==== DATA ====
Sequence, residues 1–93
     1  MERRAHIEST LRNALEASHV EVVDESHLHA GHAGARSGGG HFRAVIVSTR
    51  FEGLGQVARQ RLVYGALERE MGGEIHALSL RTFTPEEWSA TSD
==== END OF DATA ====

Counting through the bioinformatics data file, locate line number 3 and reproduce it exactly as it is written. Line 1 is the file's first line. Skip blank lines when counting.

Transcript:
    51  FEGLGQVARQ RLVYGALERE MGGEIHALSL RTFTPEEWSA TSD